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Let's Get Down To The Nitty-Gritty:
Is College A Waste Of Time?

"I wasted five years of my life going to college, and it's my biggest regret in life." This sentence is straight from the mouth of Neil Patel, frequent Forbes contributor, founder of KISSmetrics and a top influencer on the web—at least according to The Wall Street Journal.

Neil Patel is only admitting what thousands of college graduates wish they had known before dropping tens of thousands of dollars on college tuition, and what thousands more potential college students want to know before they make the same mistake. However, Neil Patel is only one person.

After publishing those famous words in 2016, Patel received quite a bit of backlash from individuals and groups across the globe. As one blogger put it, not everyone will start a billion-dollar app. Moreover, he asks, how many people actually have it in them to live off of an unpredictable income while they flounder to turn an idea into reality and then market it and THEN sell it? His guess: not many.

Then there's the blogger who values her college education, not because of the career opportunities it has presented her (not many, she admits,) but simply because of the experiences it afforded her and the social skills it equipped her with. To her, college is more about the value of an education than it is about how much money one can make with a degree.

Still, that doesn't answer the question of whether or not college is a waste of time. If you're reading this and wanting a straight answer, the question you should be asking is whether or not college is a waste of YOUR time.

While the blogger who values college because of her experiences and new-found social skills should not be discredited, going to college so that one can learn to live with strangers or meet eccentric leaders is not a reason to drop thousands of dollars on an education. Go on Craigslist, and you'll find plenty of strangers to live with; finagle your way into a Hollywood gala, and you'll be sure to find dozens of thought leaders with crazy yet viable ideas. However, the blogger who said that not everyone will start a billion-dollar app is onto something.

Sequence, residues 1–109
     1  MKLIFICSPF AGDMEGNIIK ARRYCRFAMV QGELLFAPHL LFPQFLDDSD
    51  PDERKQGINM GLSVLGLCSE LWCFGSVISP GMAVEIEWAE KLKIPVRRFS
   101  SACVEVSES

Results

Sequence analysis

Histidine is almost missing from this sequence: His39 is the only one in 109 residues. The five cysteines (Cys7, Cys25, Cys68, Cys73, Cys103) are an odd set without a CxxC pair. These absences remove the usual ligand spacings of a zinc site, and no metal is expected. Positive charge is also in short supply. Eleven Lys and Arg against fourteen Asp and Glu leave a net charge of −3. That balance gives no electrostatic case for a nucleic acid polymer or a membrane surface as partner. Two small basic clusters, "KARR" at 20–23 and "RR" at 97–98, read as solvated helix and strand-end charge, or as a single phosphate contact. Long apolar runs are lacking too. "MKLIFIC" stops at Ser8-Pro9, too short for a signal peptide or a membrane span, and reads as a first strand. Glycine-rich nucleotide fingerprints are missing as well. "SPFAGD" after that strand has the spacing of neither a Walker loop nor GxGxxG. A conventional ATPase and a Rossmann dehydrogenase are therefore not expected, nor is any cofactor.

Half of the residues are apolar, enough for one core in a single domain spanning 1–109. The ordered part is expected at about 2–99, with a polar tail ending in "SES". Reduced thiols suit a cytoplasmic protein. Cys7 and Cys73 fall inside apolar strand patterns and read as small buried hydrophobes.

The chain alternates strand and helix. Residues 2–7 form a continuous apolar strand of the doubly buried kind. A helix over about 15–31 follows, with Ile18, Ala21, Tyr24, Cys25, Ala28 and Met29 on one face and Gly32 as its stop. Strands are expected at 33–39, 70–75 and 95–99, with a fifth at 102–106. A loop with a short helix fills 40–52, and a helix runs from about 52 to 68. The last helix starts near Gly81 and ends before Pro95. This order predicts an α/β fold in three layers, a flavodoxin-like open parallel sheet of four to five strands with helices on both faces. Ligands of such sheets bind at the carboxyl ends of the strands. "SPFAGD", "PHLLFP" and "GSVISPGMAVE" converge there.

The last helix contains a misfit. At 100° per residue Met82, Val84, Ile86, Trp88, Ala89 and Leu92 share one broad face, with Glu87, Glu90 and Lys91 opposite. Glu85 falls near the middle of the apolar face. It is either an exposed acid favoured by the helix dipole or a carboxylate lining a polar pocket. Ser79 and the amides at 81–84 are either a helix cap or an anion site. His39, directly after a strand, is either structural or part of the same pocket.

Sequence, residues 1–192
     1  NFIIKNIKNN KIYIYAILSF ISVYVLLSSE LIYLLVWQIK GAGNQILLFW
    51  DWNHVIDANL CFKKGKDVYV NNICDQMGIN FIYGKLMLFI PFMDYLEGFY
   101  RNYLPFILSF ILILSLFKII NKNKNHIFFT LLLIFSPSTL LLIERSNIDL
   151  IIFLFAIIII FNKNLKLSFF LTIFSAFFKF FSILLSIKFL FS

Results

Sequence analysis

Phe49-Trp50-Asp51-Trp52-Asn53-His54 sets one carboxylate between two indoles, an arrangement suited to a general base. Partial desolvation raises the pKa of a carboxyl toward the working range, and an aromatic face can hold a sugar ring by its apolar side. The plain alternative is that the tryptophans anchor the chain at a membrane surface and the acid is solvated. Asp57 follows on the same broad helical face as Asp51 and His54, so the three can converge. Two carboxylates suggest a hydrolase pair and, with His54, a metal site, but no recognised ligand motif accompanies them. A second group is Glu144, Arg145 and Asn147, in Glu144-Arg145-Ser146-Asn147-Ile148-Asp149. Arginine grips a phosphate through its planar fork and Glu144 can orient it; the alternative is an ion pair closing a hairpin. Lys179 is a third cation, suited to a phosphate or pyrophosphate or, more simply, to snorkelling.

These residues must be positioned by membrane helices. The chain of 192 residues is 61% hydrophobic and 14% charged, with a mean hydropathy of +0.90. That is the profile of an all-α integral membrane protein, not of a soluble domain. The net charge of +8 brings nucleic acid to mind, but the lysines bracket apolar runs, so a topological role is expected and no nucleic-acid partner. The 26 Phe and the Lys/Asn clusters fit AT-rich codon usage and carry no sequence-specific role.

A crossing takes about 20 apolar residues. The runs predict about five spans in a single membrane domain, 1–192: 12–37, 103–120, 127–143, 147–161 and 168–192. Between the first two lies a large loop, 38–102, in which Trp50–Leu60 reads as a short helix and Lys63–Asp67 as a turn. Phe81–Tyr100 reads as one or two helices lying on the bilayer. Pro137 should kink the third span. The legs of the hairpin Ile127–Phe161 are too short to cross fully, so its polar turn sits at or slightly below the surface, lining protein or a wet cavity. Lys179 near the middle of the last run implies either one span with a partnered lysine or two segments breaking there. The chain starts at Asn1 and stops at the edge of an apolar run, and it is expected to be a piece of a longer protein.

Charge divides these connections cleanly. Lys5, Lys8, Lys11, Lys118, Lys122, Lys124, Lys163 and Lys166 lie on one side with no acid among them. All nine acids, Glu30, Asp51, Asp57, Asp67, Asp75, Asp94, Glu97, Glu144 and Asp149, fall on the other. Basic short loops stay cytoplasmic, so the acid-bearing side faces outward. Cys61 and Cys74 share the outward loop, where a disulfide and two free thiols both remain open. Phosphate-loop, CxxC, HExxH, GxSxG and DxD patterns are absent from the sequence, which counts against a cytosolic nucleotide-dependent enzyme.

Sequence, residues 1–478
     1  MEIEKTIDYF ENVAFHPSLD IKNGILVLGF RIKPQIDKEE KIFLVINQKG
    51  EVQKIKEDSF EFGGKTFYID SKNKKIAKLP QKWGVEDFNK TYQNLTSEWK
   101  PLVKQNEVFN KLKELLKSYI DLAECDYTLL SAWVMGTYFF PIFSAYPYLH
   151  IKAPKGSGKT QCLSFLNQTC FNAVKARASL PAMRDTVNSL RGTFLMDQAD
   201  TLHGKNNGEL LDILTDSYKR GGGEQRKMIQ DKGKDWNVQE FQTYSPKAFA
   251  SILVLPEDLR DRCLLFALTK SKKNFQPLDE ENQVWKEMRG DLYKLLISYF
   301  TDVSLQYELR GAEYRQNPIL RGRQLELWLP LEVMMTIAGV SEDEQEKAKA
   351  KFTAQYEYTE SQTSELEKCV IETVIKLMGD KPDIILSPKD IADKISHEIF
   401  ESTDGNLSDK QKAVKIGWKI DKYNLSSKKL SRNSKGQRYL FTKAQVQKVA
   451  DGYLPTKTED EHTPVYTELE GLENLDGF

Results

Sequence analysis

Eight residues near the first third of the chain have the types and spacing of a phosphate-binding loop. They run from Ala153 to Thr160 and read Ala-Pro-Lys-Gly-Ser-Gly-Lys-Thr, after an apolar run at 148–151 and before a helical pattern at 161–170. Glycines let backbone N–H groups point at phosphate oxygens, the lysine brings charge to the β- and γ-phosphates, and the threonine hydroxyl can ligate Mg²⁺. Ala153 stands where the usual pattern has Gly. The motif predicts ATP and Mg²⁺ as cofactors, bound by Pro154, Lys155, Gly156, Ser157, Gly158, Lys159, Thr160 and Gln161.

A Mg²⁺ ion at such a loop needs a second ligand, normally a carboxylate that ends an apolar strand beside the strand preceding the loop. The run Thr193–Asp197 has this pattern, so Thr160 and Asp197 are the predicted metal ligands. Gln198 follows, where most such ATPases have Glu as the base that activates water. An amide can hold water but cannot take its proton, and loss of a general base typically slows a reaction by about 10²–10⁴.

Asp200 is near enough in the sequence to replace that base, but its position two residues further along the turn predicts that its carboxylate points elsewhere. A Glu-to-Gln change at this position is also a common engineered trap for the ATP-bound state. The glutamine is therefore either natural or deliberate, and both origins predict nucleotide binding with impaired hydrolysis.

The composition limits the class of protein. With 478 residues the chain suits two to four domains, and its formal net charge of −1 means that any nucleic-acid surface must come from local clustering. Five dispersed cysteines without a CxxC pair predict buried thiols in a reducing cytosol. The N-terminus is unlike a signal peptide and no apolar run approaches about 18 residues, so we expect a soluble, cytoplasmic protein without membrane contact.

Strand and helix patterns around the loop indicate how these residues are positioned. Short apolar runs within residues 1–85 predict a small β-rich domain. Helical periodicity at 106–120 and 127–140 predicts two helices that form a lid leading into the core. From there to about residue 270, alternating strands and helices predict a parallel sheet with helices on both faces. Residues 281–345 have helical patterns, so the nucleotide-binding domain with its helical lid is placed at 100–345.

College May Not Be a Waste of Your Time… If You Don't Have It in You to Be an Entrepreneur

guy typing on his laptop

Not everyone has it in them to succeed as an entrepreneur. In fact, many people don't. Entrepreneurship is HARD work and often requires a 50, 60 or even 80 hour a week commitment just to make that first sale. Then there's the whole money issue: most successful entrepreneurs either come from money or are willing to live without it…and without food, shelter, and friends as well. While that one story about the friend of a friend who started out renting his mobile home to college students on Friday nights and now owns half the apartments in Chicago is inspiring, it's the exception. So too is the story about the woman who sold everything she owned and invested the proceeds in her now million-dollar non-profit. Ss is the story about the couple who drove from Oklahoma to Oregon, sold their car, used the proceeds to buy an espresso machine and ship it back home, and then biked back to the Sooner State.


Bootstrapping success stories make the internet for a reason: they're RARE. While there is no reason that you cannot be the exception as well, you really have to ask yourself if you have it in you to bootstrap your way to success. If you cannot live without your Friday night pizza, a hot shower every day and a soft place to rest your head at night, you may want to reconsider your stance on college.

College May Not Be a Waste of Your Time… If Your Dream Career Requires an Education

students attentively listening during class

Of course, you may be tough as nails and willing to forego all of life's creature comforts, but not so that you can maybe make millions off of an idea, but rather so that you can finish your degree. If your dream career is to become a doctor, or a surgeon or the President of the United States, well, then, you need a college degree. In fact, if those are your aspirations, you need much more than a bachelor's degree.

 

There are some positions for which you absolutely need a degree. If becoming a doctor or politician is part of your life plan, you should not have any qualms about attending college in the first place. If tuition is what's holding you back, you need not worry, as if you are successful in your endeavors, you will likely be able to pay off your loans within a few short years of graduating.